HSR&D Citation Abstract
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Virtual care expansion in the Veterans Health Administration during the COVID-19 pandemic: clinical services and patient characteristics associated with utilization.
Ferguson JM, Jacobs J, Yefimova M, Greene L, Heyworth L, Zulman DM. Virtual care expansion in the Veterans Health Administration during the COVID-19 pandemic: clinical services and patient characteristics associated with utilization. Journal of the American Medical Informatics Association : JAMIA. 2021 Mar 1; 28(3):453-462.
To describe the shift from in-person to virtual care within Veterans Affairs (VA) during the early phase of the COVID-19 pandemic and to identify at-risk patient populations who require greater resources to overcome access barriers to virtual care.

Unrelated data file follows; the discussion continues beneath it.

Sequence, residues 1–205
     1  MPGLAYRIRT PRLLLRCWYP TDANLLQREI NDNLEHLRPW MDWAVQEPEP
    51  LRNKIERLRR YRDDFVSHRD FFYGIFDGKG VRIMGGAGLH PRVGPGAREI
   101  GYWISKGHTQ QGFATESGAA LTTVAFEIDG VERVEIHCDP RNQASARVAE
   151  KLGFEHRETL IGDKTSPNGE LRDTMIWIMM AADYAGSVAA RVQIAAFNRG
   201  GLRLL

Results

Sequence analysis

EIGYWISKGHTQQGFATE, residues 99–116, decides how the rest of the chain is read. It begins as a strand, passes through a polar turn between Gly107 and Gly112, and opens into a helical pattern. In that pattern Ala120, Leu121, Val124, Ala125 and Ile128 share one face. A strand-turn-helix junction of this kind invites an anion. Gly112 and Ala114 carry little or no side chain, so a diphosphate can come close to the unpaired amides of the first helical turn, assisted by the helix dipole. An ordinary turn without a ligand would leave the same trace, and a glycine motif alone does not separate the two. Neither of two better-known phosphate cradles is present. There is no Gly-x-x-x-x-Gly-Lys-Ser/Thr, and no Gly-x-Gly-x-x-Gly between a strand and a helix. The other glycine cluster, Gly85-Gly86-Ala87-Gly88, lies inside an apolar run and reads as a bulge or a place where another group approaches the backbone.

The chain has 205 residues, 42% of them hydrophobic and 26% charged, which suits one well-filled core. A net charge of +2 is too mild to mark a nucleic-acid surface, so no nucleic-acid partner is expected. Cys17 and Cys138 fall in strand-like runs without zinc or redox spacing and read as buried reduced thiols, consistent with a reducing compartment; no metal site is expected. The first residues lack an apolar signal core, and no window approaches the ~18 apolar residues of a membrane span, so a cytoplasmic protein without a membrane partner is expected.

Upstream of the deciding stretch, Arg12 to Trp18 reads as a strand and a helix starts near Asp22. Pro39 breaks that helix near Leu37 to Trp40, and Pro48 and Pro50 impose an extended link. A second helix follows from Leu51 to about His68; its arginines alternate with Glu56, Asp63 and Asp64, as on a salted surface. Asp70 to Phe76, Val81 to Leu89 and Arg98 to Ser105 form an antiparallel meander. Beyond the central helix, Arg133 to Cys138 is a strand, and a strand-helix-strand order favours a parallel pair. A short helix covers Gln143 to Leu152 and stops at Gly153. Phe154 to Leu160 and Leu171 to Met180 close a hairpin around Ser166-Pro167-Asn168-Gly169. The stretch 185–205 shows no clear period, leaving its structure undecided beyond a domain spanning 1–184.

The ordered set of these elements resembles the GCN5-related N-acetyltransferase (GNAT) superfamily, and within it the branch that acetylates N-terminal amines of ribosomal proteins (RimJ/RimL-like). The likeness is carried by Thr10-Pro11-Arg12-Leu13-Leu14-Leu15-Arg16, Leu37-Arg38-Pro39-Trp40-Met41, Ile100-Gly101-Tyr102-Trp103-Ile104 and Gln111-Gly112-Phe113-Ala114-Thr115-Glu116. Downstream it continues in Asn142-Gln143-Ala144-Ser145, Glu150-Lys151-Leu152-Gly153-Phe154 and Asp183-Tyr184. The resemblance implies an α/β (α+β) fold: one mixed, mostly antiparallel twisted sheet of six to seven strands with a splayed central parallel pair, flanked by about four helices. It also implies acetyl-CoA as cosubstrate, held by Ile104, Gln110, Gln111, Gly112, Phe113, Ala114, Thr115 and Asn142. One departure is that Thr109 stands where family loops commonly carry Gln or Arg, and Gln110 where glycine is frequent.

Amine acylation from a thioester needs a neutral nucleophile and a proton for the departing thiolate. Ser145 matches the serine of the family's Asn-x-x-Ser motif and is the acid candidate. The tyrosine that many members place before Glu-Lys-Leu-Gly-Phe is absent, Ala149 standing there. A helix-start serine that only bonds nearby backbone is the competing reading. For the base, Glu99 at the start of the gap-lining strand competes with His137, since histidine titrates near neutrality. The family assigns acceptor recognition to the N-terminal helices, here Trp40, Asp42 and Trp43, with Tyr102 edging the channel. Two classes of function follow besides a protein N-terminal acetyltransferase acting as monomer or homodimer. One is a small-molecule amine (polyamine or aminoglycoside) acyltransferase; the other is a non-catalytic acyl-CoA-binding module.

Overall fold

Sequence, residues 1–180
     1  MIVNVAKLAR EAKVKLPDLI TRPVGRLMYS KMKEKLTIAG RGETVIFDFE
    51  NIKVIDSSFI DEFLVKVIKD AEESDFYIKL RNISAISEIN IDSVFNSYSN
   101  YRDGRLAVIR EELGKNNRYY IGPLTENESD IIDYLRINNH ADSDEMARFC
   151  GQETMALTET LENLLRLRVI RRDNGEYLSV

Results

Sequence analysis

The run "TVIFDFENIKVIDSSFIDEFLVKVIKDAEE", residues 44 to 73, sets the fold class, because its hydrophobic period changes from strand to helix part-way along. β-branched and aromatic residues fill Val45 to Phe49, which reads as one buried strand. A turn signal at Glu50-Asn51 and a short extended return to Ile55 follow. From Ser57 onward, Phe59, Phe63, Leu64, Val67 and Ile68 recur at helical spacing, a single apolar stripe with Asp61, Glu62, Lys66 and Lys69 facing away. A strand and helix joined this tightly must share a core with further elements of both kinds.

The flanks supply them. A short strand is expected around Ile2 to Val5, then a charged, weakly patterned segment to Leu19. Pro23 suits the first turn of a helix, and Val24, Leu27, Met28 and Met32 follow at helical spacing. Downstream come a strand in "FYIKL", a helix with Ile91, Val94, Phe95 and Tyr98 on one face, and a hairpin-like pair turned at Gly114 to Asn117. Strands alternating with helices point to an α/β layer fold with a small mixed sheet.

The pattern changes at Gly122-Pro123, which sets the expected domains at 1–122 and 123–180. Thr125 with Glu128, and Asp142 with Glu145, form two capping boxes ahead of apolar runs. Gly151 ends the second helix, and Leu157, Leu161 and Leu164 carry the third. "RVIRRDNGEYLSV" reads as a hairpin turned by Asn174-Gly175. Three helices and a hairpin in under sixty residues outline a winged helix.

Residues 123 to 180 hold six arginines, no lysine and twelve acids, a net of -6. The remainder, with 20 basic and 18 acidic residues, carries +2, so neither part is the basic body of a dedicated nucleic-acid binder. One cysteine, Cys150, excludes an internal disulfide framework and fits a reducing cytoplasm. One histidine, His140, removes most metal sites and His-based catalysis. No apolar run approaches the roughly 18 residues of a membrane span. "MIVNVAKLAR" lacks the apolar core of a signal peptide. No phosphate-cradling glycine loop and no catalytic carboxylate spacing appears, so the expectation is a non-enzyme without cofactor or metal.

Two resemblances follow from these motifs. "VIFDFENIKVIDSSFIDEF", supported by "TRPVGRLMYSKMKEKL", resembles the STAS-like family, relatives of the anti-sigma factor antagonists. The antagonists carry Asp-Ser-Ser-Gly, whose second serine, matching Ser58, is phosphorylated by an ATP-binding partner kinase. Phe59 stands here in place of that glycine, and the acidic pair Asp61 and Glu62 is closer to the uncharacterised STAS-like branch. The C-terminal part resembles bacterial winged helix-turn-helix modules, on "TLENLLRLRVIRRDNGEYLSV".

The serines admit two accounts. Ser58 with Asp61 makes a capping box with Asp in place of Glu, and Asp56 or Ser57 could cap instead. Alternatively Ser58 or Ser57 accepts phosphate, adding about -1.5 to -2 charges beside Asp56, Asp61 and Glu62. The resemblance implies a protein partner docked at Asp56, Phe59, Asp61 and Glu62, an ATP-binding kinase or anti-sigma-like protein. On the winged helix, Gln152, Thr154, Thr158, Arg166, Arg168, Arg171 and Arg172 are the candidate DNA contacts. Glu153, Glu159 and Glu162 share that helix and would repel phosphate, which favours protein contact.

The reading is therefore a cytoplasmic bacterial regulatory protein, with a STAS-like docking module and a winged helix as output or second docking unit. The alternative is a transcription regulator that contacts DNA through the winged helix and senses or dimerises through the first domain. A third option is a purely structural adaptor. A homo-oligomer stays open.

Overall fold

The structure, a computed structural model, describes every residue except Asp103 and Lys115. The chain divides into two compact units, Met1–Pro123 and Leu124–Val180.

MATERIALS AND METHODS:
Outpatient encounters (N? = 42 916 349) were categorized by care type (eg, primary, mental health, etc) and delivery method (eg, in-person, video). For 5 400 878 Veterans, we used generalized linear models to identify patient sociodemographic and clinical characteristics associated with: 1) use of virtual (phone or video) care versus no virtual care and 2) use of video care versus no video care between March 11, 2020 and June 6, 2020.
By June, 58% of VA care was provided virtually compared to only 14% prior. Patients with lower income, higher disability, and more chronic conditions were more likely to receive virtual care during the pandemic. Yet, Veterans aged 45-64 and 65+ were less likely to use video care compared to those aged 18-44 (aRR 0.80 [95% confidence interval (CI) 0.79, 0.82] and 0.50 [95% CI 0.48, 0.52], respectively). Rural and homeless Veterans were 12% and 11% less likely to use video care compared to urban (0.88 [95% CI 0.86, 0.90]) and nonhomeless Veterans (0.89 [95% CI 0.86, 0.92]).
Veterans with high clinical or social need had higher likelihood of virtual service use early in the COVID-19 pandemic; however, older, homeless, and rural Veterans were less likely to have video visits, raising concerns for access barriers.
CONCLUSIONS AND RELEVANCE:
While virtual care may expand access, access barriers must be addressed to avoid exacerbating disparities.